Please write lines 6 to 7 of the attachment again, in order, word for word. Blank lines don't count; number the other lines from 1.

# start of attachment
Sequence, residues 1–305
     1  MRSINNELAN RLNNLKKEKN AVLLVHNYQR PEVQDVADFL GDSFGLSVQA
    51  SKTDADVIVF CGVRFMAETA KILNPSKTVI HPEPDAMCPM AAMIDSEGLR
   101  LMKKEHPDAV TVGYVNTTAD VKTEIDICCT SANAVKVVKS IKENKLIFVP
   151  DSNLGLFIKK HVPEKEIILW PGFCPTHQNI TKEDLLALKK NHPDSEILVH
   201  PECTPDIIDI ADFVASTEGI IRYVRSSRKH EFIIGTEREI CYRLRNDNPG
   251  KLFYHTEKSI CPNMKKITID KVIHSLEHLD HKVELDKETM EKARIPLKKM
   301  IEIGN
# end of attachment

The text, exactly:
   201  PECTPDIIDI ADFVASTEGI IRYVRSSRKH EFIIGTEREI CYRLRNDNPG
   251  KLFYHTEKSI CPNMKKITID KVIHSLEHLD HKVELDKETM EKARIPLKKM